In Honor Of GLOW, Here Are The Most Groundbreaking Women In WWE History
Netflix, Inc. (NASDAQ: NFLX)’s new original show “GLOW” was released on Friday. The show tells the story of out-of-work actress Ruth Wilder (played by Alison Brie) who ends up as a professional wrestler.
The show is based on the real-life "Gorgeous Ladies of Wrestling" promotion that ran in the late 1980s and early 1990s.
A lot has changed in sports entertainment since the colorful 1980s, especially when it comes to the roles female performers play for World Wrestling Entertainment Inc (NYSE: WWE) and other top wrestling promotions.
To celebrate the release of “GLOW,” Benzinga compiled a list of the eight most influential and ground-breaking women in the history of professional wrestling.
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8. Alundra Blayze
When the WWE decided to revamp and re-launch its women’s division in 1993, the company chose Alundra Blayze (previously known as Madusa) to be the face of the division. Blayze was also at the center of one of the most controversial events of the Monday Night War between WWE and defunct rival WCW when she dropped the WWE Women's Championship belt in a trash can live on WCW’s show.
7. Miss Elizabeth
While Miss Elizabeth wasn’t an in-ring performer, she served as a role model for young girls by exemplifying class and elegance alongside "Macho Man" Randy Savage in the 1980s. At that time, there were very few women of any kind in main-event storylines, but Elizabeth played a key role in major plot twists involving Savage and Hulk Hogan.
During an era of women’s wrestling that sexualized female performers, Lita and fellow wrestler Trish Stratus often stole the show with their performances in the ring. Trish and Lita were the first two women to achieve the honor of performing in the main event of “Monday Night Raw,” proving that women can be just as much as a box office draw as men. In her career, Lita main evented “Raw” twice and also holds the distinction of being the first woman to wrestle in a WWE steel cage match.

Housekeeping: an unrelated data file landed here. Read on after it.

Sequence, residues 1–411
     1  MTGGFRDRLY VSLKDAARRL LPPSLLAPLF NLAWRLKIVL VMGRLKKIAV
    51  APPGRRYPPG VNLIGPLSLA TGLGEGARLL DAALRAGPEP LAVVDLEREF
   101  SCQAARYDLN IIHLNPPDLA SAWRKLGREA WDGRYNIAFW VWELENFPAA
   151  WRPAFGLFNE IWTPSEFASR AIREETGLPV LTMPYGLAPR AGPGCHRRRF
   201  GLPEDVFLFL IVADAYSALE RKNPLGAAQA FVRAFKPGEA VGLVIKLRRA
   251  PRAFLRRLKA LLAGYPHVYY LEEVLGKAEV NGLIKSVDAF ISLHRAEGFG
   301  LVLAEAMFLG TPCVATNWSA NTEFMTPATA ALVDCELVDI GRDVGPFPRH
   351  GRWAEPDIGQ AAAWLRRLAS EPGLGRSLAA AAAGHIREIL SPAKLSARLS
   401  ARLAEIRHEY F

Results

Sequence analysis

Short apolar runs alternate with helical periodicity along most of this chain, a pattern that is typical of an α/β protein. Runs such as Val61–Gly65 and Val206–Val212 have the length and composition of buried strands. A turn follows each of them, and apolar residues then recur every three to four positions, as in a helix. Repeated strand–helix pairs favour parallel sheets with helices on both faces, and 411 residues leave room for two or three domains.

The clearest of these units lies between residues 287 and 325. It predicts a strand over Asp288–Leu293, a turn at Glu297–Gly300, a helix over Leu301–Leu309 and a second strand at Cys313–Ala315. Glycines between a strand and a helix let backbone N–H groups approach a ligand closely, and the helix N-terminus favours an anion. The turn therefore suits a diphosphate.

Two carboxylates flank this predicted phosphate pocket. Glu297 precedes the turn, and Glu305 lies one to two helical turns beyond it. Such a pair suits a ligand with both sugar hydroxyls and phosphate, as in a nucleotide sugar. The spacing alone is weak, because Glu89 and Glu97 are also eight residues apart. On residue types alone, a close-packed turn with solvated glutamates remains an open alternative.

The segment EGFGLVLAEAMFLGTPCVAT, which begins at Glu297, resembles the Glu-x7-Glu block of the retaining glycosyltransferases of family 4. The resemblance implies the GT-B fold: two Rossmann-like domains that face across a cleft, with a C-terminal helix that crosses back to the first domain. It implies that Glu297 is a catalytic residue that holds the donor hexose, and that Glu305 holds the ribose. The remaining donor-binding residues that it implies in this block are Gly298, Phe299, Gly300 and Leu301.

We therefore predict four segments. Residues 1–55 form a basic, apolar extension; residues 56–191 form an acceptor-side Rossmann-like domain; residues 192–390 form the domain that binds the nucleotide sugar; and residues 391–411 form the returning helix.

5. Fabulous Moolah
Modern-day wrestling fans would find it incomprehensible for a world championship title reign to last seven years. However, Moolah held the World Women’s Championship for two such stretches in her career. Her longest reign started in 1956 and lasted 3,651 consecutive days, or just over 10 years.
4. Stephanie McMahon
McMahon has won the hearts and scorn of wrestling fans with her in-ring performances. But the daughter of WWE CEO Vince McMahon has been an even bigger role model to young women with her behind-the-scenes work as a company executive, serving as executive vice president of creative and now chief brand officer for WWE.
3. Sasha Banks
Along with fellow performers Charlotte Flair, Becky Lynch, and Bayley, Sasha is part of the “Four Horsewomen” of the recent WWE Women’s Revolution. Banks has been a part of two of the most ground-breaking nights in the history of women’s wrestling. Banks and Bayley became the first two women to ever main-event an NXT pay-per-view event in 2015. A year later, Banks and Flair broke even more ground by becoming the first women to main-event a WWE pay-per-view event when they clashed in the first-ever women’s Hell in a Cell match.
2. Charlotte Flair
Flair was the winner of that Hell in a Cell match and has consistently been breaking ground for women since she arrived in NXT in 2013. Charlotte was named Pro Wrestling Illustrated’s Rookie of the Year in 2014, was the inaugural WWE Raw Women’s Champion when WWE split the Raw and Smackdown brands in 2016 and (along with Banks) was the first ever women to with PWI’s Feud of the Year Award in 2016. Flair also became the first women ever to main-event a singles match on Raw, Smackdown and a WWE pay-per-view event.
When it comes to breaking ground, the late Joanie Laurer may have done more than any other woman in professional wresting history to smash gender barriers.
In the thick of the "Attitude Era" of WWE, when most women on the roster were relegated to bra-and-panties matches, Chyna became the first (and only) woman ever to win the WWE Intercontinental Championship. Chyna routinely competed with male performers, participating in the Royal Rumble and King of the Ring events and even briefly becoming the number one contender for the WWF Championship. There are plenty of male professional wrestlers out there who would love to have any of those accomplishments on their resume.
Image: Miguel Discart, Flickr
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